There are few niggles. The $35 seat feels exactly as comfortable as you’d expect from a $35 seat. The super-wide, non-folding ATC footpegs aren’t optimal. Their width not only complicates getting the bike in and out of the garage, but they also vibrate a bit on the road. Surprisingly, I didn’t feel much vibration through rest of the bike and the mirrors stayed clear.

The engine got an aftermarket crankshaft, ARC billet rod, and Tillitson flat-top piston. It has full electrical system, with 60-watt alternator, an electric starter, and full street lighting.

My design goal for this bike was 50+ MPH, and it is just able to meet that top speed. However, acceleration requires an eye on the tach. Whack open the throttle with abandon and the ungoverned engine can exceed 4000 RPM before the CVT’s gearing can catch up. The tach’s “max” memory function currently reads 4310 RPM—not alarming, but definitely approaching iffy territory for a cast flywheel. A little bit slower roll-on is all it takes to keep things in a safer range.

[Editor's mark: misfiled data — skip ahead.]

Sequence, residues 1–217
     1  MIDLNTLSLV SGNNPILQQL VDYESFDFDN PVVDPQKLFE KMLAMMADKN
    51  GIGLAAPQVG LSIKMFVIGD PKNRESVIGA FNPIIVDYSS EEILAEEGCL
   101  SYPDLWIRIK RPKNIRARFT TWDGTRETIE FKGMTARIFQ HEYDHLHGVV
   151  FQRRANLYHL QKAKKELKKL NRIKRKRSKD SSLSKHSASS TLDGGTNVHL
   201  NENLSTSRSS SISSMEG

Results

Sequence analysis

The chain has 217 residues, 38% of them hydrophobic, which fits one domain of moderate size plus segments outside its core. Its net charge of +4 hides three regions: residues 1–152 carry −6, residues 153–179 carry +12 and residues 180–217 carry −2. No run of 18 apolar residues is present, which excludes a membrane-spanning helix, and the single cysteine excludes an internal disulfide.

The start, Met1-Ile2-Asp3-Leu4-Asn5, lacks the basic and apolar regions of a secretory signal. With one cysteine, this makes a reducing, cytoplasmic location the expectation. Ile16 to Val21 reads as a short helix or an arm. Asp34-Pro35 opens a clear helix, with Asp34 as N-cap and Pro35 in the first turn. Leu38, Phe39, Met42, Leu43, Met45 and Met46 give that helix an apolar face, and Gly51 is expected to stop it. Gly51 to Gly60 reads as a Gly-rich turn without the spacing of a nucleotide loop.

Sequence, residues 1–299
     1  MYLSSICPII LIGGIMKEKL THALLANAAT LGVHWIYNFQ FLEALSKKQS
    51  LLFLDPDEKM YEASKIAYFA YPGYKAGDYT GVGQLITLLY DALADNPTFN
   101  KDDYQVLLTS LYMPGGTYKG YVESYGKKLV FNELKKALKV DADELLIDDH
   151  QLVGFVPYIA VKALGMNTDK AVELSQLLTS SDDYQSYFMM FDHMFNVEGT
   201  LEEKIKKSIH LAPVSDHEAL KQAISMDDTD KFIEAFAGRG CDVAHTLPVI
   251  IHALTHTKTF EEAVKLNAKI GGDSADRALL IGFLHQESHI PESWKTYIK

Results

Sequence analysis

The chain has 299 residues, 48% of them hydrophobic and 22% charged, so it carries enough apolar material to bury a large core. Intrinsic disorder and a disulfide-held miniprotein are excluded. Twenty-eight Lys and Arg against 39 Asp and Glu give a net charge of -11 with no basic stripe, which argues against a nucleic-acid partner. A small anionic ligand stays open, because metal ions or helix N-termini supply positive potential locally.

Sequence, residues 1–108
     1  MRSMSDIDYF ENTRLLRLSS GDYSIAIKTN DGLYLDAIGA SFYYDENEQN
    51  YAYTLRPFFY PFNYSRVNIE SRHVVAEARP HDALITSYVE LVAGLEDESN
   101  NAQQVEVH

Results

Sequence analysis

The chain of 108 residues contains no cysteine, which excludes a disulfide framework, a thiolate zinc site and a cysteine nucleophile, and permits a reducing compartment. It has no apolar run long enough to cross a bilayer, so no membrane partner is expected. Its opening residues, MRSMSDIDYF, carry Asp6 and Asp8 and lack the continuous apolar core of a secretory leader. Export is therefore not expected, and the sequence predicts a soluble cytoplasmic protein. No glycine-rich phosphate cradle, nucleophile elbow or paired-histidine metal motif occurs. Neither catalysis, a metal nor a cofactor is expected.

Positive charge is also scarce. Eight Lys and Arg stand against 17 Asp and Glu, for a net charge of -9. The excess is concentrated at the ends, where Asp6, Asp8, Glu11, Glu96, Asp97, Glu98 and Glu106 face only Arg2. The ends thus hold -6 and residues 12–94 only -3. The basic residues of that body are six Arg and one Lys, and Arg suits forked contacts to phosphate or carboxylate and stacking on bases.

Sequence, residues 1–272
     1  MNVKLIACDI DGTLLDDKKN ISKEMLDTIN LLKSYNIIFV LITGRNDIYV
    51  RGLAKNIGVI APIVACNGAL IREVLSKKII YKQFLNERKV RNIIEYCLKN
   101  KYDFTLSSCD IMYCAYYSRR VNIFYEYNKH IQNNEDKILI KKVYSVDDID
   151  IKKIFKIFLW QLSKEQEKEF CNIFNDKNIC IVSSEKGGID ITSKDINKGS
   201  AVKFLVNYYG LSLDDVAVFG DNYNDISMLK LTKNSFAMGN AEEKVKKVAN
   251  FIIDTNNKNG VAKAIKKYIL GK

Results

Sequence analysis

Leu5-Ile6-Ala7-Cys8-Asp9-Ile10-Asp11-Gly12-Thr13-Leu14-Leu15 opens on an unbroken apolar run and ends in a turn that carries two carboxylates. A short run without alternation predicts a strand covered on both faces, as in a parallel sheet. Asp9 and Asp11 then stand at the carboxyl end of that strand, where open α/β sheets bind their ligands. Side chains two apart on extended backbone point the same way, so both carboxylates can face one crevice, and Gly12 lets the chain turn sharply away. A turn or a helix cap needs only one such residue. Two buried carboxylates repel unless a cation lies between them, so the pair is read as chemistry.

Given the motley collection of components I started with, I’m thoroughly tickled with the result. I love the uniqueness of it. Even I would have never conceived of this machine, if not for the collection of parts I had to work with. I knew it would be a novel curiosity and a rewarding project. But it’s actually a genuinely usable, thoroughly street-worthy means of transportation, which I wasn’t too sure I could pull off.

So, with that, I am calling this project complete. The bike works as well and looks as good as it probably ever will. So here a couple official glamour shots.
 

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I am happy to report that having now put some miles on The Bride of Frankenstein, it’s a win in my book.